Living With a Spinal Cord Injury - Bowel Care
You or a caregiver can manage your bowel
problems to prevent unplanned bowel movements, constipation, and diarrhea.
Although this often seems overwhelming at first, knowing what to do and
establishing a pattern makes bowel care easier and reduces your risk of
spinal cord injury generally affects the process
of eliminating waste from the intestines, causing a:
- Reflexive bowel. This means you cannot control when a bowel
- Flaccid bowel. This means you can't have a bowel movement. If
stool remains in the
mucus and fluid will sometimes leak out around the
stool and out the anus. This is called fecal incontinence.
When choosing a way to deal with bowel problems, you
and your rehab team will
discuss such things as the type of bowel problem you
have, your diet, whether you or a caregiver will do the program, and any
medicines that may affect your program.
- For a reflexive bowel, you may
use a stool softener, a
suppository to trigger the bowel movement, and/or
stimulation with your finger (digital stimulation). There are many stool
softeners and suppositories available. You will have to experiment to find what works best for you.
- For a flaccid bowel, you may use
digital stimulation and manual removal of the stool. At first,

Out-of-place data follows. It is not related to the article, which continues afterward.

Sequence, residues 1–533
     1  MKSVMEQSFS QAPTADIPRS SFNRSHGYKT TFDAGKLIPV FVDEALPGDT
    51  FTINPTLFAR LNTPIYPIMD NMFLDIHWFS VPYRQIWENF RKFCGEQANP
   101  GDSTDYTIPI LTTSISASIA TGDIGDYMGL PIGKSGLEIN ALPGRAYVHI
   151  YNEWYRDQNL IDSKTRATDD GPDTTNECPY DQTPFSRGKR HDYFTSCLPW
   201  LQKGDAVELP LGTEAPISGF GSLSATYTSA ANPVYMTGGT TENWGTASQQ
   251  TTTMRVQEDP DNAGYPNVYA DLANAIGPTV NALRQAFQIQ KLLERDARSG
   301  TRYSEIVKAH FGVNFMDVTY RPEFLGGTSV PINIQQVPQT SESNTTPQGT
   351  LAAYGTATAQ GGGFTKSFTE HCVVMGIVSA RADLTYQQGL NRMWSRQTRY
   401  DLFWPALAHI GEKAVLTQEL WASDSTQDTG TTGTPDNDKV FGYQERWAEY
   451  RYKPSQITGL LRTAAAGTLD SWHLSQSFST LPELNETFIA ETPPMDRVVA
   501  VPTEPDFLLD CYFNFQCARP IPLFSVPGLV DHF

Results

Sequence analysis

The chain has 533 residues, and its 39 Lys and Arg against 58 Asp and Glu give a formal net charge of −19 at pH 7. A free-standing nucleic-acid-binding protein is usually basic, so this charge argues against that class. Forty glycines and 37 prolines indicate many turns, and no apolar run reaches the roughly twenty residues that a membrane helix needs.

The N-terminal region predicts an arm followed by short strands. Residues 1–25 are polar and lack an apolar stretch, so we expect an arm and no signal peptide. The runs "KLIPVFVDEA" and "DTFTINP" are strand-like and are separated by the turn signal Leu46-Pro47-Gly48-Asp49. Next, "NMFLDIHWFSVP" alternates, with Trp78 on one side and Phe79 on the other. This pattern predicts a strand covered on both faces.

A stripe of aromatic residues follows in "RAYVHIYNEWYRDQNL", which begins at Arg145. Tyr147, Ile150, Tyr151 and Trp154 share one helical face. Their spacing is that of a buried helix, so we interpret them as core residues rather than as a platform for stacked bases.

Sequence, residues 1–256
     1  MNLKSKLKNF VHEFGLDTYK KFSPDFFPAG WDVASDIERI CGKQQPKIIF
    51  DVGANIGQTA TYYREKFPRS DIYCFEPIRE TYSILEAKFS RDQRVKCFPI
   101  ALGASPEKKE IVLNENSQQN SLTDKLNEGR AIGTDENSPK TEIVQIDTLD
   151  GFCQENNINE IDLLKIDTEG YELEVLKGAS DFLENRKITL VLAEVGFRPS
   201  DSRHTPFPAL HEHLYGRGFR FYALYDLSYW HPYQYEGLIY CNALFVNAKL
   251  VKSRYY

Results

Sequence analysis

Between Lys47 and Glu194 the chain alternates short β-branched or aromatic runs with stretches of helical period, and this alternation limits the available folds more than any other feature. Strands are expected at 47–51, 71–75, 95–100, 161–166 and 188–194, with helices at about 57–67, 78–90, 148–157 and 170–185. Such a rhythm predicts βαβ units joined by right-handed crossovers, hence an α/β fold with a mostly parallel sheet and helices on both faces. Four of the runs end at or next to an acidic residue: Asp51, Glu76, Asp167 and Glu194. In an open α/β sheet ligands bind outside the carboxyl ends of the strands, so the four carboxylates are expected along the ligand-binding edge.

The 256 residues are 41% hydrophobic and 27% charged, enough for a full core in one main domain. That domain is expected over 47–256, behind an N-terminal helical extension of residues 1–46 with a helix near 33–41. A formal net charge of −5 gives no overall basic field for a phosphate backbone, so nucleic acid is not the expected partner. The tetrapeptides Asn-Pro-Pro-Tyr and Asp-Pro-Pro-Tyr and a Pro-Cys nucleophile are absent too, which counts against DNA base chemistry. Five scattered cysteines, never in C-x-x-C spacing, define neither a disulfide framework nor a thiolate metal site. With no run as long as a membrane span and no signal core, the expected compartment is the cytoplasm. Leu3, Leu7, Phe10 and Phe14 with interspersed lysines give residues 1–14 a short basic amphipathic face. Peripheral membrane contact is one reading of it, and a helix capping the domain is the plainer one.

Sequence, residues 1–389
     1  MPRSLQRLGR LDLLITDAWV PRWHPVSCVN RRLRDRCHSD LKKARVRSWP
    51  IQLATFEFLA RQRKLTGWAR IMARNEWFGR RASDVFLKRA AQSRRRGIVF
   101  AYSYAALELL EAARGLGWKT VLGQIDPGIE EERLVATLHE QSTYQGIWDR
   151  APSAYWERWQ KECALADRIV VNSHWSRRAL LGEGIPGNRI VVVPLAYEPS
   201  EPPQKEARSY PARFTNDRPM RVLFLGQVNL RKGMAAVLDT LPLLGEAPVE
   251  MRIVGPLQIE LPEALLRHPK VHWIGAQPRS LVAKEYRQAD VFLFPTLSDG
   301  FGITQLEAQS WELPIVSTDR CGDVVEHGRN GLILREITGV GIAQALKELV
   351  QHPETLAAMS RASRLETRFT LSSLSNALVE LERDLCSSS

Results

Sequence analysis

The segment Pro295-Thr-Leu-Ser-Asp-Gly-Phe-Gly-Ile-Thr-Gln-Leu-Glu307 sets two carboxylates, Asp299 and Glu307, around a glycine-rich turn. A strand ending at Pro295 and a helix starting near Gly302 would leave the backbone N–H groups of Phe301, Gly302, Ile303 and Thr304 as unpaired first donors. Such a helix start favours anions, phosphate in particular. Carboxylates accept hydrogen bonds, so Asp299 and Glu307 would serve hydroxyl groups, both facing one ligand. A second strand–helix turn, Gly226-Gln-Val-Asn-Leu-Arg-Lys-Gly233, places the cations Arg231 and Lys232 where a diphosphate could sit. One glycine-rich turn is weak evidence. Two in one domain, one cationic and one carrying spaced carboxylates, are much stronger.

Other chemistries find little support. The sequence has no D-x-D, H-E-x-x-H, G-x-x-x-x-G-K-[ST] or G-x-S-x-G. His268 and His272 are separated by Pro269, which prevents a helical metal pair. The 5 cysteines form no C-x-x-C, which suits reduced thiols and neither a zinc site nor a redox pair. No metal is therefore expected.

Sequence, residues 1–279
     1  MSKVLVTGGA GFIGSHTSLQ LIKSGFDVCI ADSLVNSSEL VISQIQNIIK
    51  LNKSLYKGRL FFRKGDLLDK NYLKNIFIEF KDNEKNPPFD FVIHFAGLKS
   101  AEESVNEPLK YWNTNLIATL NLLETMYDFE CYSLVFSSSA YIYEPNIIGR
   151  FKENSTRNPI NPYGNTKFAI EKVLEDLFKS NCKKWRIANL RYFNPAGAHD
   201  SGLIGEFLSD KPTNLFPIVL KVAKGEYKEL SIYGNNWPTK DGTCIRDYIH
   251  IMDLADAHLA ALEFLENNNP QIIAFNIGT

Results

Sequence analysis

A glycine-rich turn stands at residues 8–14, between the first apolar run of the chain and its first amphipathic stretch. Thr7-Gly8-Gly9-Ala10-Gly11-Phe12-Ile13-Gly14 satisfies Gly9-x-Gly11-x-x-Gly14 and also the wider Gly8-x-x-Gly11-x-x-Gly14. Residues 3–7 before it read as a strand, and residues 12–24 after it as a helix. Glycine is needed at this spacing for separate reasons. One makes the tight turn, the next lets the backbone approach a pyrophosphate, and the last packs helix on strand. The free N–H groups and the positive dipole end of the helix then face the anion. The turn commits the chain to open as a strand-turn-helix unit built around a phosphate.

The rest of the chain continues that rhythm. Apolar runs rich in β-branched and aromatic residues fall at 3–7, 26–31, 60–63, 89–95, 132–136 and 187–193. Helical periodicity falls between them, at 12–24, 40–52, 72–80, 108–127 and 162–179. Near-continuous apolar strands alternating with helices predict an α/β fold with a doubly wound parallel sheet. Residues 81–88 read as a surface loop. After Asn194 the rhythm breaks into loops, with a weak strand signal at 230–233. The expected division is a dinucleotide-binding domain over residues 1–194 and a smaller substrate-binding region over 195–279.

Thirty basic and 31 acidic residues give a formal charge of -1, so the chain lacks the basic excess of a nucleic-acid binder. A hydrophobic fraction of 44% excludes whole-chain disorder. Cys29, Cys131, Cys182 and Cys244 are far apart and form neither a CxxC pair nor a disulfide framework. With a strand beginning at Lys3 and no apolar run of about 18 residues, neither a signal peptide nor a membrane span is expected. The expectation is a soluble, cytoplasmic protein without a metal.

you do this program every other day. Later, you may need to do it more often to
prevent accidents. You may also have to adjust how much and when you
- Eating more fiber can help some people who have spinal cord injuries manage their bowel habits. Good sources of fiber include whole-grain breads
and cereals, fruits, and vegetables.
For best results:
- Do your program at the same time every day. Most people do
their bowel program in the morning. Doing it after a meal can take advantage of a natural bowel reflex that happens after eating. Choose the most
convenient time for you, and stay with it.
- Sit up if possible. This can help move the stool down in the
intestine. If you cannot sit up, lie on your side.
It is important to be clean and gentle when inserting anything into the anus.
- Always wash your hands and use gloves. Lubricate the finger of
the glove with K-Y jelly or a similar product.
- For digital stimulation, gently insert the finger in the anus
and move it in a circular motion for no more than 10 to 20 seconds every 5 to
10 minutes until you have a bowel movement.
- To remove stool, gently insert the finger and remove stool.
Continue to do so until none comes out. Wait a few minutes and then try again
to see if any more stool has moved down.
- To insert a suppository, first remove stool. Otherwise, the
suppository won't work. Take the wrapper off the suppository and insert it as high in your rectum as you can .
Note: Bowel problems can trigger
autonomic dysreflexia, which causes sudden very
high blood pressure and headaches. If not treated
promptly and correctly, it may lead to
stroke, and even death. These complications are rare, but it is important to know the
symptoms and watch for them.